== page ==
Though it’s certainly positive news, the first thought on our mind was how the long-overdue lighting system overhaul would be affected by scrappers. Estimates previously suggested upward of 40 percent of the city’s copper-wired lights were busted. (The Michigan Department of Transportation also ran into trouble last year, losing millions on repairs to I-94 lights ripped out by scrappers.)
But Kelsey Hartung, spokesperson for the authority, said the agency doesn’t expect trouble: The lights are constructed using aluminum wiring, not copper.
“None at all,” she says.
In April, the city wrapped up the first phase of a pilot program on lights with overhead wiring. It’s expected to finish the second phase — underground wiring along major corridors like Woodward and Gratiot Avenues, as well as the pilot site — later this summer.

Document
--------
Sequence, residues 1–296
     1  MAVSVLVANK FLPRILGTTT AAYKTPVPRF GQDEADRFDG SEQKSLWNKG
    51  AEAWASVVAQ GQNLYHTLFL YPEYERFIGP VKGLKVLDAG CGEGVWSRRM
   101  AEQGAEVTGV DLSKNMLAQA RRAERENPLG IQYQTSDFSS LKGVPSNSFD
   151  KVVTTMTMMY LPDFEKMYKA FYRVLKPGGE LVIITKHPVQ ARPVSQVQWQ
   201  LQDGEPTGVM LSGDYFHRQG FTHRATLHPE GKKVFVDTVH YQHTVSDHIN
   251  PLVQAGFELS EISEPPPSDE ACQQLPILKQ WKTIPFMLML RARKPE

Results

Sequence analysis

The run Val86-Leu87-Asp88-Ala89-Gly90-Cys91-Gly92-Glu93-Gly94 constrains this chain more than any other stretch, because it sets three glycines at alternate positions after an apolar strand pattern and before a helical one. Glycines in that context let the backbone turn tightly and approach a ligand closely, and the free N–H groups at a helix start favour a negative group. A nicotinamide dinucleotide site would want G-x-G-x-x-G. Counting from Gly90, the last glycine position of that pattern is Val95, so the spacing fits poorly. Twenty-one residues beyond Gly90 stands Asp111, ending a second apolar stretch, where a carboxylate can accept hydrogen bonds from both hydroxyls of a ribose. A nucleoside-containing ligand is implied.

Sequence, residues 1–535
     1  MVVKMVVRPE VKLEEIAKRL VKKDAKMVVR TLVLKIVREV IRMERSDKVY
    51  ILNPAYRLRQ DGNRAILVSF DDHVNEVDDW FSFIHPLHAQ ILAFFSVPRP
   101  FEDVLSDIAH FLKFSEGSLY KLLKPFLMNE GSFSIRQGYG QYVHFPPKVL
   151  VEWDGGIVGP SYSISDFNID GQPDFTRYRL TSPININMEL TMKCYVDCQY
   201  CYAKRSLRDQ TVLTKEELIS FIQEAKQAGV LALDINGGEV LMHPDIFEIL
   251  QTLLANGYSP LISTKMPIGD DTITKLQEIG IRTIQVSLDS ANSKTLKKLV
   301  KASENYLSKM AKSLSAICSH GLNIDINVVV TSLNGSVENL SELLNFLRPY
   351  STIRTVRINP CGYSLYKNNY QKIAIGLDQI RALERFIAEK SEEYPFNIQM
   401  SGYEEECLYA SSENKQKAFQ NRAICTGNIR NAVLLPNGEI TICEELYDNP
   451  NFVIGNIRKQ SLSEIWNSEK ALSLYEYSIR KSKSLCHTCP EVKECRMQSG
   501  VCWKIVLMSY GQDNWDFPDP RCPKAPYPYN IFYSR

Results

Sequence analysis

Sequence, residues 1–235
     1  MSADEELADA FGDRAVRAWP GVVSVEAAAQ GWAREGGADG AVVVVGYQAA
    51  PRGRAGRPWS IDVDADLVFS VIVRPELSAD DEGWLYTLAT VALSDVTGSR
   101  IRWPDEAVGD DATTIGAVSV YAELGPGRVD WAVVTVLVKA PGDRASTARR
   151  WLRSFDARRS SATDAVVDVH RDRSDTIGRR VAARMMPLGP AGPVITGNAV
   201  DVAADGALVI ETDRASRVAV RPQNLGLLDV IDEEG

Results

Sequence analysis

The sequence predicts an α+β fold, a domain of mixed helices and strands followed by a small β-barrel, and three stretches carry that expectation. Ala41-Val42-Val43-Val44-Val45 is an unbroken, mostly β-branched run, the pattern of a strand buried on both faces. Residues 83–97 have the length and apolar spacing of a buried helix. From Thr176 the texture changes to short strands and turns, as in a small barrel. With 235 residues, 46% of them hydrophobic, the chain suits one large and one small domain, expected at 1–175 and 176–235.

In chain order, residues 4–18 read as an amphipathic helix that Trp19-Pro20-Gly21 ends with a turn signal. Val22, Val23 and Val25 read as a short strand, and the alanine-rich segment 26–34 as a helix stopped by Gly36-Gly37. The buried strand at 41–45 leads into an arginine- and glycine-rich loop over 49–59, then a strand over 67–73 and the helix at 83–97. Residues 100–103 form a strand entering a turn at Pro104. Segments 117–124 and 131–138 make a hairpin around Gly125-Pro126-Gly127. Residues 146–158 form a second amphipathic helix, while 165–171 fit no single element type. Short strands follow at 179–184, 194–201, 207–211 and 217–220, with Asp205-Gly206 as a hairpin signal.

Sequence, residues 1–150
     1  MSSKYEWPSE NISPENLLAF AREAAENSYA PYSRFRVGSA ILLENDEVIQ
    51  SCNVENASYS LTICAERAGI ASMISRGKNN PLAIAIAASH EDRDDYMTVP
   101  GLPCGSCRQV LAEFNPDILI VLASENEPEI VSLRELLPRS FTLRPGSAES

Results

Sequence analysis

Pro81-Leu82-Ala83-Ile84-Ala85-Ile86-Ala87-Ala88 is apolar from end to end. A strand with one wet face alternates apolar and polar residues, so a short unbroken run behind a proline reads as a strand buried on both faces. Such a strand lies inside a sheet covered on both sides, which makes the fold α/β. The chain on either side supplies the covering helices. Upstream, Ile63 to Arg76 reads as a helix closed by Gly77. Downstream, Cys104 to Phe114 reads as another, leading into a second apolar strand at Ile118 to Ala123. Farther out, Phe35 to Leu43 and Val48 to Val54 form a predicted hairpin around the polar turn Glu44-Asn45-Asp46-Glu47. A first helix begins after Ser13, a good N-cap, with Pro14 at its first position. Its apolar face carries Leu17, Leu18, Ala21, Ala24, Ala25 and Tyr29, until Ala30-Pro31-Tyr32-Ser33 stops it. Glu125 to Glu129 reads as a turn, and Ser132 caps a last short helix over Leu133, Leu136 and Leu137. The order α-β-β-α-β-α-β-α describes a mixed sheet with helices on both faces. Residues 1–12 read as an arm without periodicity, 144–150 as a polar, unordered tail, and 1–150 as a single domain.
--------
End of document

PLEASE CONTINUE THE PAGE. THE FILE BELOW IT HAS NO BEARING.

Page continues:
As for the specifics of the new plan, blocks longer than 700 feet will have two or more evenly spaced lights; those that are 300- to 700-feet-long will have one light in the middle of the block. Blocks shorter than 300 feet with a working light won’t be replaced, and will remain until they burn out.
The authority says it’s heading back to the pilot sites to revamp those streets to spec. Besides that, Hartung says, the only change to the plan because of the new funding is that more lights are coming.
“That’s the best thing,” she says.
ABOUT THAT COMMUTER RAIL LINE
Frequent readers of Metro Times might recall investigative reporter Ryan Felton’s deep dive into the history of Detroit’s struggle to implement an efficient public transit system earlier this year.